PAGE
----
Read the question. Civic and Corolla are great little cars, but don't meet the asker's size requirements.
posted by knave at 7:17 PM on July 22, 2008


If you can work on a Vespa, you can work on a car. You will need a few more tools, but the same approach of reading the repair manual, scratching your head, and chatting with the people at the parts store will work fine. Very late model cars are much more complicated (but are outside your budget), and unusual brands (including Volvos) are much harder to source parts when you are traveling or if you live in a small town, and a lot of mechanics won't know their intricacies.

For $3000 and your criteria, I would buy a Toyota pickup. You have a choice of 2wd or 4wd, regular cab or extended cab. Don't worry about the age as much as the condition -- your ideal truck will have been owned by a suburban family who drove it for light commuting and the occasional Home Depot trip, whereas a truck that was used by a landscaping contractor for ten years will have led a pretty rough life. They are reliable and incredibly easy to work on; because they were made for so many years with few changes and so many were sold, parts are easy to find anywhere and every mechanic will know how to work on them. If you can't find a Toyota in your price range, a Ford Ranger or a Mazda B-series truck is a pretty decent substitute -- not as efficient, but almost as easy to work on, and usually a bit cheaper for what you get.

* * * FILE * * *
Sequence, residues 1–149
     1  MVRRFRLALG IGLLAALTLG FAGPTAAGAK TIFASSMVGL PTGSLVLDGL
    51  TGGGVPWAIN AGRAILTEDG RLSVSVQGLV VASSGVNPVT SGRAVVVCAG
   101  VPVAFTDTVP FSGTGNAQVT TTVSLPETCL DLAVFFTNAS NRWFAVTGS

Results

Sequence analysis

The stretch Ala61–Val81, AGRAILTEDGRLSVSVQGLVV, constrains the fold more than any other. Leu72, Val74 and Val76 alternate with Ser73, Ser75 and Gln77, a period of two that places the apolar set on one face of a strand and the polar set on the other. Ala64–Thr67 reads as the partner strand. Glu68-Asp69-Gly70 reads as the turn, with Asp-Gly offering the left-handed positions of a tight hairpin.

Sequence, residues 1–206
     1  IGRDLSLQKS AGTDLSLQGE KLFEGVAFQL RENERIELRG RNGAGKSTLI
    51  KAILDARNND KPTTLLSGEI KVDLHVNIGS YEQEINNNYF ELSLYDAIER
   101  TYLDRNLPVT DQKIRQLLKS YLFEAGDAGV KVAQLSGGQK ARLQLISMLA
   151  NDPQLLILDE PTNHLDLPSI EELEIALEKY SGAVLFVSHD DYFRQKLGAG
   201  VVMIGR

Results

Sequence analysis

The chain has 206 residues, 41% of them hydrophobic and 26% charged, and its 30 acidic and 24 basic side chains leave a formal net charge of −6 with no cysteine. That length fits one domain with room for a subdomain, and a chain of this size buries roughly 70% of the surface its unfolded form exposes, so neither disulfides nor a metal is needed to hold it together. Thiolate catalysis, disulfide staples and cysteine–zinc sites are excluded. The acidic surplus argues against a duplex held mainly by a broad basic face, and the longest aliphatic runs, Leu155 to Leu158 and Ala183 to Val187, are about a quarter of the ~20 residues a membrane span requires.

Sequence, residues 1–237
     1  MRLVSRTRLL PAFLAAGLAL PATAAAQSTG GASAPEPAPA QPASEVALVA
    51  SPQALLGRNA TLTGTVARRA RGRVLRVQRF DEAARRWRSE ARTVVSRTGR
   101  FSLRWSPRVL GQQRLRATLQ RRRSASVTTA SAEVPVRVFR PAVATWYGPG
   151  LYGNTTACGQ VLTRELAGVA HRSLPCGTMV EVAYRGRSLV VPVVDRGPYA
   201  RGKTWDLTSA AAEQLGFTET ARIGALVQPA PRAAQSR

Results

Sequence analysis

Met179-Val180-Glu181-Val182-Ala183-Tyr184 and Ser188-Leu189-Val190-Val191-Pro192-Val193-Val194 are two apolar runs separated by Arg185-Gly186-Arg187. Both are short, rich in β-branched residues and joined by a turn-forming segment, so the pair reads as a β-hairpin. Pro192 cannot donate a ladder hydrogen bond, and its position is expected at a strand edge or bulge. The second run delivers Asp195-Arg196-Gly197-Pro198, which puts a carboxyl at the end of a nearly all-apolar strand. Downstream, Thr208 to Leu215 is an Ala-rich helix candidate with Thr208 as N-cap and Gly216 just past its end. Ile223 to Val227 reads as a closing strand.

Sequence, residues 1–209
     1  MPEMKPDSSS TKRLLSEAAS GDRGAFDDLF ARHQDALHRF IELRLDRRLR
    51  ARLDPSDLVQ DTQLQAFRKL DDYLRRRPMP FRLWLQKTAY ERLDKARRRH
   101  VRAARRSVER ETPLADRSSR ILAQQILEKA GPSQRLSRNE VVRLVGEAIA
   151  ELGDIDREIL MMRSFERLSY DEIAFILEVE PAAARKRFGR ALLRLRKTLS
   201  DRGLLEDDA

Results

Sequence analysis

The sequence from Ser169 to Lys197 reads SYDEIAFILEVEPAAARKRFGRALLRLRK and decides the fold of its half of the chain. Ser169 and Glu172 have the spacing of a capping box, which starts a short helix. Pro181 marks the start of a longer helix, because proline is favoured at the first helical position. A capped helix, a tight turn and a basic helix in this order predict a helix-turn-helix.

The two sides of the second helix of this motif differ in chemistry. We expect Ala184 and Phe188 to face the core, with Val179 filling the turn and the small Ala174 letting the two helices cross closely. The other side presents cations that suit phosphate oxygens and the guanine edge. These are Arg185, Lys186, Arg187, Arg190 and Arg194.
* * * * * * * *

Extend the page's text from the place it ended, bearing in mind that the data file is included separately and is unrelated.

Minivans depreciate fast, so can be great deals. But they are sometimes a real pain to work on, with everything shoehorned into too small a space. And again, many will have led hard lives as kid shufflers, and will have received pretty minimal maintenance because no one really loves their minivan and thinks about keeping it forever. Buy with caution.

Subarus: check back issues of Consumer Reports for year-to-year reliability ratings; Subaru had some bad years in the early 1990s. But before and after those dud years, their cars are super tough and reliable. Harder to work on than a truck, but not impossible for the DIYer, and they are common enough for most mechanics to be comfortable with them.